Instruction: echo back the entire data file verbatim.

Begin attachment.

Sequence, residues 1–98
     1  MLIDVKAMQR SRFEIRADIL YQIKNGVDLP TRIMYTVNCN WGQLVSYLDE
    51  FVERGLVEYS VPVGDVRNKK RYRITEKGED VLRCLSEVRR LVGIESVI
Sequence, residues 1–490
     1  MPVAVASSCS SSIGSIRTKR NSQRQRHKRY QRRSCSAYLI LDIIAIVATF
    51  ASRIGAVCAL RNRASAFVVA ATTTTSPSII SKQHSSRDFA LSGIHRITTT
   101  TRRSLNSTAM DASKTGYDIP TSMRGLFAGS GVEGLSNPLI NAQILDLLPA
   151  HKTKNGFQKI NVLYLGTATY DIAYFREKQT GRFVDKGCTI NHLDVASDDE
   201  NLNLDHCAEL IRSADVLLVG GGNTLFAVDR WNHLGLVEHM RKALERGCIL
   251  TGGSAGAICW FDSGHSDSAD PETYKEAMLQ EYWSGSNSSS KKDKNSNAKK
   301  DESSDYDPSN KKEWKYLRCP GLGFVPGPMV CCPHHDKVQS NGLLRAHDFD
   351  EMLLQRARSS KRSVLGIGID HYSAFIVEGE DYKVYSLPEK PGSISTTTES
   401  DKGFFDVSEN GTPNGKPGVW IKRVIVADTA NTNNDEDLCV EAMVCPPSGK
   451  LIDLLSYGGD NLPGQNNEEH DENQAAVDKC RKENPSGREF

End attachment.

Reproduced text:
Sequence, residues 1–98
     1  MLIDVKAMQR SRFEIRADIL YQIKNGVDLP TRIMYTVNCN WGQLVSYLDE
    51  FVERGLVEYS VPVGDVRNKK RYRITEKGED VLRCLSEVRR LVGIESVI
Sequence, residues 1–490
     1  MPVAVASSCS SSIGSIRTKR NSQRQRHKRY QRRSCSAYLI LDIIAIVATF
    51  ASRIGAVCAL RNRASAFVVA ATTTTSPSII SKQHSSRDFA LSGIHRITTT
   101  TRRSLNSTAM DASKTGYDIP TSMRGLFAGS GVEGLSNPLI NAQILDLLPA
   151  HKTKNGFQKI NVLYLGTATY DIAYFREKQT GRFVDKGCTI NHLDVASDDE
   201  NLNLDHCAEL IRSADVLLVG GGNTLFAVDR WNHLGLVEHM RKALERGCIL
   251  TGGSAGAICW FDSGHSDSAD PETYKEAMLQ EYWSGSNSSS KKDKNSNAKK
   301  DESSDYDPSN KKEWKYLRCP GLGFVPGPMV CCPHHDKVQS NGLLRAHDFD
   351  EMLLQRARSS KRSVLGIGID HYSAFIVEGE DYKVYSLPEK PGSISTTTES
   401  DKGFFDVSEN GTPNGKPGVW IKRVIVADTA NTNNDEDLCV EAMVCPPSGK
   451  LIDLLSYGGD NLPGQNNEEH DENQAAVDKC RKENPSGREF